Re: : The Iroquois and the Early Radical Feminists

karl h schwerin (schwerin@UNM.EDU)
Fri, 9 Feb 1996 15:39:01 -0700

On Thu, 1 Feb 1996, Donna M. Lanclos wrote:

> I'd just like to note here that "feminists" are far from the only ones
> who look to history to provide precedents ("real" or "imagined") for
> their ideals. It's a popular (and effective) technique, and one that,
> IMHO, in no way invalidates the ideals held by the group employing said
> technique.
> History is, after all, constructed, is it not?
> Donna Lanclos
> UC Berkeley Dept. of Anthropology

On this point, I'd like to refer all of you to the excellent paper by
George Stocking, "On the Limits of 'Presentism' and 'Historicism' in the
Historiography of the Behavioral Sciences,' pp. 1-12 in Race, Culture and
Evolution. Chicago, IL: Univ. of Chicago Press 1968, reprinted 1982.

The efforts to show anticipatory insights in past figures and their
thinking is what Stocking calls 'presentism,' i.e. trying to justify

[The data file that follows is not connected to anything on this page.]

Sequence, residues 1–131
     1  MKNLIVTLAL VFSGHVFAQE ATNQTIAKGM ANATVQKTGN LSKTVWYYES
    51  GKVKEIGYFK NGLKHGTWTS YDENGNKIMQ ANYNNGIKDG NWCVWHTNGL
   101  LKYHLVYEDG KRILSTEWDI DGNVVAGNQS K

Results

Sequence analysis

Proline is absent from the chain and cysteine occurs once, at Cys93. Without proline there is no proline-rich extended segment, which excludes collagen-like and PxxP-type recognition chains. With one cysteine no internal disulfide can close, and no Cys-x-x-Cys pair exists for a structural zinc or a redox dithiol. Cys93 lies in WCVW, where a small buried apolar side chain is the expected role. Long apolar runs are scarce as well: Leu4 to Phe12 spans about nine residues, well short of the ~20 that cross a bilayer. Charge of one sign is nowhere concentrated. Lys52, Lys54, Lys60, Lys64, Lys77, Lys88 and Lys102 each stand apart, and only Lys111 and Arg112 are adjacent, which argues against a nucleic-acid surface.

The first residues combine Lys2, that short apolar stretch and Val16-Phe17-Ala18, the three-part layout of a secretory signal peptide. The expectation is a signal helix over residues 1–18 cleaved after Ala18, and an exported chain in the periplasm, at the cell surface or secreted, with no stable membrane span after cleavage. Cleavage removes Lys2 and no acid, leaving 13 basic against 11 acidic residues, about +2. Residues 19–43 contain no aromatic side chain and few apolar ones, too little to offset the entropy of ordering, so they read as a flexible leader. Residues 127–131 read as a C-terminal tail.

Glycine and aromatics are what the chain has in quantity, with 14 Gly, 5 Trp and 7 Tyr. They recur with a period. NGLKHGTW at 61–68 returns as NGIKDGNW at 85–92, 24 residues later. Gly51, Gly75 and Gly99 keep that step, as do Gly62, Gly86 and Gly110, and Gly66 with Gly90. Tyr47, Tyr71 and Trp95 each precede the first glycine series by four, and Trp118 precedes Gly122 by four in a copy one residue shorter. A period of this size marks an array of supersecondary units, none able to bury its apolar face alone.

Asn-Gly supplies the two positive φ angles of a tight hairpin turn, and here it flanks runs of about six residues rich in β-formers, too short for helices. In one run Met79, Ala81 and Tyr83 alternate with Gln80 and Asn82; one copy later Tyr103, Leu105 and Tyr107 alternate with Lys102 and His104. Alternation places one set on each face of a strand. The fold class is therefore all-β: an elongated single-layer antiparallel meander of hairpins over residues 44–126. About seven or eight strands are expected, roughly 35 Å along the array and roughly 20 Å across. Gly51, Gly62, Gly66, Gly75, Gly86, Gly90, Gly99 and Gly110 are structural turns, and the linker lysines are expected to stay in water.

one's current thinking in terms of the prestige of past thinkers. But as
both emphasized in the current thread, as well as stressed by Stocking,
that does not necessarily do justice to what those earlier thinkers and
writers were *really* concerned about.

The alternative is what we might consider a kind of historical
ethnography - trying to understand what people were really thinking and
saying *in the context of their times.* This is Stocking's
'historicism.' For example, how much do you think people 50 years from
now are going to understand current jokes about Bob Dole, Steve Forbes or
'Newt?' Or "OJ" jokes for that matter. Sometimes you have to immerse
yourself into the historical context in order to fully appreciate where
people are coming from.

In any case, I always have the incoming graduate students, who are taking
our general course on the development of Ethnological Theory, read
Stockings paper as a good reminder not to get carried away with the
"insights" our antecedents had on contemporary issues.

Karl Schwerin SnailMail: Dept. of Anthropology
Univ. of New Mexico Albuquerque, NM 87131

There are people who will help you get your basket
on your head because they want to see what is in it.
-- African proverb